Intercultural Memories

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(Barry Lopez)

Friday, August 27, 2010

Review: Rethinking the Power of Maps by Denis Wood

Today they are scribbled on the back of business cards, delivered with admonitions by our GPS, or arrive on our desktop from Mappy or Google. Most of us, if we reflect on maps at all, are likely to think of them as aids for getting from one place to another without getting lost, happy not to risk roadway suicide refolding their bed sheet-sized ancestors to fit the glove compartment! In the newspaper or on the Internet maps may also seem to be easy ways to digest data, viz., the red/blue state maps used to explain the 2008 US elections or tracking the spread of influenza. However, Denis Wood’s sequel to The Power of Maps, takes us far, far deeper into the substratum of how we come to have and use these tools. It examines the assumptions we make about them and their import for both local and global communities.

Wood subjects what we call “a map” to a strict historical scrutiny. At least in the West, maps are with few exceptions a product of the age of nation building. To quote the author, “The things we recognize as maps gained currency only in the last 400 years or so and within this period only in relatively stable states with entrenched, centralized bureaucracies and well-established academies.” In truth, far from being passive reflections of geography, maps help construct the state as we know it.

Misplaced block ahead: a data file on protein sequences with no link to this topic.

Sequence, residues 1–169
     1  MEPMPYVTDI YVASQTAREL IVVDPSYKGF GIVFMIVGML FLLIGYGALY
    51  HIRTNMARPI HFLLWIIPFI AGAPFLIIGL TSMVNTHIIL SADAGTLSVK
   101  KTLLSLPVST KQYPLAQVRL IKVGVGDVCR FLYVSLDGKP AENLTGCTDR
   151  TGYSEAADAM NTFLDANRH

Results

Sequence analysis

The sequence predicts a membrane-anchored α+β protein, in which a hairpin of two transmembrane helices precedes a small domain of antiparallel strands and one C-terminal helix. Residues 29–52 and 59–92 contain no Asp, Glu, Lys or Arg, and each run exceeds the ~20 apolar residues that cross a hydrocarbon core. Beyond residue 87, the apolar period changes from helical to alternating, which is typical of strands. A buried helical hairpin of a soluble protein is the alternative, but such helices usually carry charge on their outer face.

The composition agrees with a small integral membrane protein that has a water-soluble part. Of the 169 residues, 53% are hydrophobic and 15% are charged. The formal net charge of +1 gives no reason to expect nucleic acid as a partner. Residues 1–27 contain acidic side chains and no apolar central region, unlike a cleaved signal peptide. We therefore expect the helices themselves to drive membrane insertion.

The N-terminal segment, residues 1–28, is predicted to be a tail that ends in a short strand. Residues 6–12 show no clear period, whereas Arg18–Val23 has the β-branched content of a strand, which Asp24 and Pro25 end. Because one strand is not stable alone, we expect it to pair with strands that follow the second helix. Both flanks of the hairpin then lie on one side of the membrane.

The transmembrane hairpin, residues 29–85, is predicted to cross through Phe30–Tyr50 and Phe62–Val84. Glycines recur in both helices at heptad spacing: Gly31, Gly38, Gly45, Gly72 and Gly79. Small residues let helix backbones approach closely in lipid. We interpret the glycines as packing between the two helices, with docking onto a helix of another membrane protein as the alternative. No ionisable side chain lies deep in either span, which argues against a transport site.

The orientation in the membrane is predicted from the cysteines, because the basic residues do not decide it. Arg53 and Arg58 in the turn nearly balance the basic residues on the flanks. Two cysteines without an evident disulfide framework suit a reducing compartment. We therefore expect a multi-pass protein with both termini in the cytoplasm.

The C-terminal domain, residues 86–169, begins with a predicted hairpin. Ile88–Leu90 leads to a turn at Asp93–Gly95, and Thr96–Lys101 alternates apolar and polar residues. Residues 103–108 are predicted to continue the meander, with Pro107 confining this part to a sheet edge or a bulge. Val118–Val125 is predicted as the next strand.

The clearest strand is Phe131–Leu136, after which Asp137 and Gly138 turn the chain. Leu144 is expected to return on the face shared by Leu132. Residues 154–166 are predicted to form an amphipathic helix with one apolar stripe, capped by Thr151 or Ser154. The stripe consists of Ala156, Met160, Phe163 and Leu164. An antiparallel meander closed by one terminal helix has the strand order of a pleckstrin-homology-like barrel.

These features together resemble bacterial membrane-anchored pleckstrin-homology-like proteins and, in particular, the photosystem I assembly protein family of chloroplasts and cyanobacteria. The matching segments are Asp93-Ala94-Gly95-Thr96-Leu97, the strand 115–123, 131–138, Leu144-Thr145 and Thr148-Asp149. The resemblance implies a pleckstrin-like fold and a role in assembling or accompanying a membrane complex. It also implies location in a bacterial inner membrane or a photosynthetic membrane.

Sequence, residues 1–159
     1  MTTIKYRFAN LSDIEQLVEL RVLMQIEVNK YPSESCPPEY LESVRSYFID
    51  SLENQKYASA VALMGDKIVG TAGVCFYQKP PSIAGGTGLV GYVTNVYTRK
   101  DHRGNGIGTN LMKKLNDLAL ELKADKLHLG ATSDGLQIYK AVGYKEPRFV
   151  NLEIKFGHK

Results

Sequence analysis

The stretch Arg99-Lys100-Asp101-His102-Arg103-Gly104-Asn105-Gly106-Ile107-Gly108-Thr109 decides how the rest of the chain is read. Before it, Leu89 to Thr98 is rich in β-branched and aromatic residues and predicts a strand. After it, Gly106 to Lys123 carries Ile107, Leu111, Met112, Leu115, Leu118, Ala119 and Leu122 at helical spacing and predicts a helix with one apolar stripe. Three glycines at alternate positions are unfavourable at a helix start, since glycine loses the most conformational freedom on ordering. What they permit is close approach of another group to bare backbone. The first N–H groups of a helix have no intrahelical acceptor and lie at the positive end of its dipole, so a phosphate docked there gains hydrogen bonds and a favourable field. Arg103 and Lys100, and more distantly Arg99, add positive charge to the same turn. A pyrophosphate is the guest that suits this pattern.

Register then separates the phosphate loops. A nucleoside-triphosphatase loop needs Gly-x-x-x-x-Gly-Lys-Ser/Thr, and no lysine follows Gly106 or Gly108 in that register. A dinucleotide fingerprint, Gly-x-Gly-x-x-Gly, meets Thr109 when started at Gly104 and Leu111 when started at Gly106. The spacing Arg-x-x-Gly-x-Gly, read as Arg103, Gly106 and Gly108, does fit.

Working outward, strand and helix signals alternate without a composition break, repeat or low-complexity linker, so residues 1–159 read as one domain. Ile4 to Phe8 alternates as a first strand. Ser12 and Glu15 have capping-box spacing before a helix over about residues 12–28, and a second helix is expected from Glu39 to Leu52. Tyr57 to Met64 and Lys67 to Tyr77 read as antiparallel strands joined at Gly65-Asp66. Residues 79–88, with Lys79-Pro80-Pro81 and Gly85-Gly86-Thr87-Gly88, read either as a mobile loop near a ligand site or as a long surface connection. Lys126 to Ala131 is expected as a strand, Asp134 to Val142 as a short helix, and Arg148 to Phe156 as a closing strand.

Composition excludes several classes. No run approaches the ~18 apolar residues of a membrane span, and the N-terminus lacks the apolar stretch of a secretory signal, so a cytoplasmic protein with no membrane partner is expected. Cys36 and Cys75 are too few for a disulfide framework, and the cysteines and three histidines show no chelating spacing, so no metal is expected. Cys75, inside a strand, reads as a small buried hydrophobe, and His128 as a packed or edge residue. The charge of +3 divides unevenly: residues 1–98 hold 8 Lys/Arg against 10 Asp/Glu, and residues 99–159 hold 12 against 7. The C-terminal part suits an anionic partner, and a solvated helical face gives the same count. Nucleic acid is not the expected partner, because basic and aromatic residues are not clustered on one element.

How does this work? Drawing boundaries and naming places are ways of affirming the existence of a state and its reach. The resulting maps, then, both affirm and are affirmed by the authority of the state. The existence of the map offered a sense of identity to both the population within and a claim of proprietorship against those without. Maps are used to tell us that “things are,” and that they are “there.” At their absolute worst, as history shows, they often give legitimacy, if not a sense of absolute righteousness, to engaging in seizure and genocide.

Maps are not passive pieces of paper or pixels on your computer screen that they at first seem to be. While they present themselves as simply representing facts of nature and society, maps, whether gerrymandering local voting or school districts or staking a claim to territory, are in fact propositions supporting both local and geopolitical agendas in search of acceptance.